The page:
Shoo, Vultures! Florida Won’t Have Another ‘Bloodbath,’ Developers Insist
For two years now, Douglas Elliman Florida Brokerage CEO Jay Parker has been hearing investors tell him they are waiting for Florida’s real estate market to plummet again.
“‘Oh, there’s going to be a bloodbath! I’m waiting! I’m going to take advantage when it collapses,'” he said investors tell him.
Those would-be vultures are out of luck, several major real estate executives said during a panel at Bisnow’s South Florida Forecast event in Fort Lauderdale. Market forces — and a whole lot of cash — will insulate the region from the type of tumult it experienced around 2009, they said.
“The thing to understand this time versus last is that there’s so much equity already in the deals," said Miami Worldcenter Associates Managing Principal Nitin Motwani, who is developing a $2B project downtown. "There’s so much sophistication from developers, whether from New York or international. There has never been more money raised, in more institutions and high net worth folks watching in Miami. If there’s a 5% dip, they dive in and buy something! There’s so much money looking at this market right now. They’ve all been waiting for this '09 event, which isn’t going to happen.”
“There’s this notion of a cyclical market — that we’re going to continue to go up, and then crash, then come back and then crash,” Parker said. “Maybe that’s what we’ve been used to, or in our lifetimes we’ve seen, but in fact, there are many markets throughout the country that have been on an upward trajectory for 20, 30 years.”
Condos that used to sell 10 units per month have now slowed to two or three per month. That is still a strong, healthy pace, the panelists said. Whereas in the wake of the housing crisis, developers scrambled to unload units — or entire projects — they are now holding out for prices they want.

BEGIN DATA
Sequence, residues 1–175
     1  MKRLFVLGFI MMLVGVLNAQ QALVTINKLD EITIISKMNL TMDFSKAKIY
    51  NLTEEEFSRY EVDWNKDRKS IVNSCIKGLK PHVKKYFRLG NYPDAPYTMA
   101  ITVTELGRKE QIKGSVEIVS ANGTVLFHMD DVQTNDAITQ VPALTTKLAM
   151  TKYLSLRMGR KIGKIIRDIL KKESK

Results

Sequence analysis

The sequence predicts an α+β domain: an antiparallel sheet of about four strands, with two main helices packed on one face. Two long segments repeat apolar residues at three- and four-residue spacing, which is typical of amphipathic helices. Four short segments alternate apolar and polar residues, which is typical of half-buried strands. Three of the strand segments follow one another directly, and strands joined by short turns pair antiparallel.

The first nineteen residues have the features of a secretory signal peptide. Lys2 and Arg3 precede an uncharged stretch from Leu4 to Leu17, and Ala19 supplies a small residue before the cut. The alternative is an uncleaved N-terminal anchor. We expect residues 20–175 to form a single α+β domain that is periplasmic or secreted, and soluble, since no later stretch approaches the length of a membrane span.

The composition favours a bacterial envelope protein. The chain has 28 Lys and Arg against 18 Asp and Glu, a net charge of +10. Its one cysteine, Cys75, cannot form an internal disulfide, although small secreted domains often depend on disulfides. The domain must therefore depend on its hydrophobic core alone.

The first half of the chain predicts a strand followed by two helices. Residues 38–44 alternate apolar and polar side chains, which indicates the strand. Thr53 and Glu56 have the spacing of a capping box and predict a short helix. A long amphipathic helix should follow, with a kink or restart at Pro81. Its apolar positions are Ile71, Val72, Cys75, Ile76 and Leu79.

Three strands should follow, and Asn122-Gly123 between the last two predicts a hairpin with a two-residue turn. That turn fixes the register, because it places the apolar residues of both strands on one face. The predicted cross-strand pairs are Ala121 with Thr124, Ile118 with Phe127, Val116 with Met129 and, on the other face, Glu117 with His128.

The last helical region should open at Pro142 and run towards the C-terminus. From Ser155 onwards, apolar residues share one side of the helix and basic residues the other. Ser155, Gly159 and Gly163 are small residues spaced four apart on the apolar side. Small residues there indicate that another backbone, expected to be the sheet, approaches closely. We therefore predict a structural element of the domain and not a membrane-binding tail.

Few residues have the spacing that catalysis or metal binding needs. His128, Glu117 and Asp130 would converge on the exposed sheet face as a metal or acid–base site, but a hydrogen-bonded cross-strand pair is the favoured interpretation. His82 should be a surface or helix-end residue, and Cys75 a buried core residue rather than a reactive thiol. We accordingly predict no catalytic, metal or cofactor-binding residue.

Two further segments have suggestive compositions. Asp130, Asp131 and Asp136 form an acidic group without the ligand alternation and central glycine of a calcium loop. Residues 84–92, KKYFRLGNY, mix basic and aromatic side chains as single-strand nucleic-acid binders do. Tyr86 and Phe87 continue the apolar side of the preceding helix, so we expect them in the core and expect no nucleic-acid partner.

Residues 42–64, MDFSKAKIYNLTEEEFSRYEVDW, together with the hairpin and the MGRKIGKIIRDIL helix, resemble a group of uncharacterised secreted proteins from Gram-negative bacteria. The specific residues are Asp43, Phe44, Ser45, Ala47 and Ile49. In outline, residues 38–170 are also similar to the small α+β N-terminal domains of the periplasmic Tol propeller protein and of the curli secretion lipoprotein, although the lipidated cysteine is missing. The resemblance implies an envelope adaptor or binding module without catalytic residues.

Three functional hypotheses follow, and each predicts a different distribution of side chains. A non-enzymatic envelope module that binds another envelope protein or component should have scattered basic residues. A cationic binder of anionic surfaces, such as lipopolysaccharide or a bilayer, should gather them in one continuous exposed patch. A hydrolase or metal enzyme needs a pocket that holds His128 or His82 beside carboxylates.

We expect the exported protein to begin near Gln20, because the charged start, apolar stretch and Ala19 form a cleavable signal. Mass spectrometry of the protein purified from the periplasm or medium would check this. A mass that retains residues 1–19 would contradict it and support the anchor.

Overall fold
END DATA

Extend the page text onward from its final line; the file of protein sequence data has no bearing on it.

LeFrak Director of Florida Development Michael Tillman, who is working on the $4B SoLeMia project with Turnberry Associates, said that attitude would hold, largely because the structure of capital stacks has changed and developers and banks are not overleveraged.
“There’s a lot more equity in these deals,” Tillman said. “There’s a lot more intelligent financing coming to the market that is not blind lending, not based on very aggressive pro formas, not making land loans with people with no experience. The due diligence process in getting financing now is extraordinarily difficult, no matter where you are in the developer spectrum.”
“If you open and it’s a little bumpy, and you’ve got 60%, 50% leverage, you’re fine as long you have strong capital," Motwani said.
Faisal Ashraf, who is on track to execute $2B in financing this year with his Lotus Capital Partners advisory firm, dismissed discussion about South Florida's oversupply as "noise," but said there is a double standard in perception about Florida.
"If there are 10 projects not getting off the round in the Tri-State Area in New York, you don’t hear about it," Ashraf said. "If five in South Florida [don’t], everyone is writing about it.”
“That’s the New York developers trying to deflect attention,” Motwani added.
Ashraf said that some submarkets might have some oversupply, but secular trends like migration and purchasing power keep South Florida, in the long run, a "phenomenal market.” But he added a slowdown in which planned projects do not get built would be a good thing for the local market.
"A series of healthy corrections are what is needed so you avoid the next catastrophe," he said.
Parker said some developers who are working on smaller projects, or who had started late in the current cycle, might need to reposition their assets to resize units or change the complexity of their projects. They worried about that being interpreted as failure, but he said that perception is misguided.
“Repositioning is actually a very healthy thing, and something we should embrace rather than see as something negative,” Parker said.
Parker said ultimately, tax reform will drive the uber-wealthy to Florida, and as baby boomers get older, they too will naturally move south.
“The bigger trend that you didn’t see previously was the filling in of the culture,” Tillman said. Whereas five years ago, a bulk of condos served as out-of-towners’ investment properties, more are now opting to live in Florida full time, thanks to a burgeoning arts scene, new restaurants, major sports teams and museums.
“We’re in a very, very exciting position,” Parker said. “Overbuilt? Absolutely not.”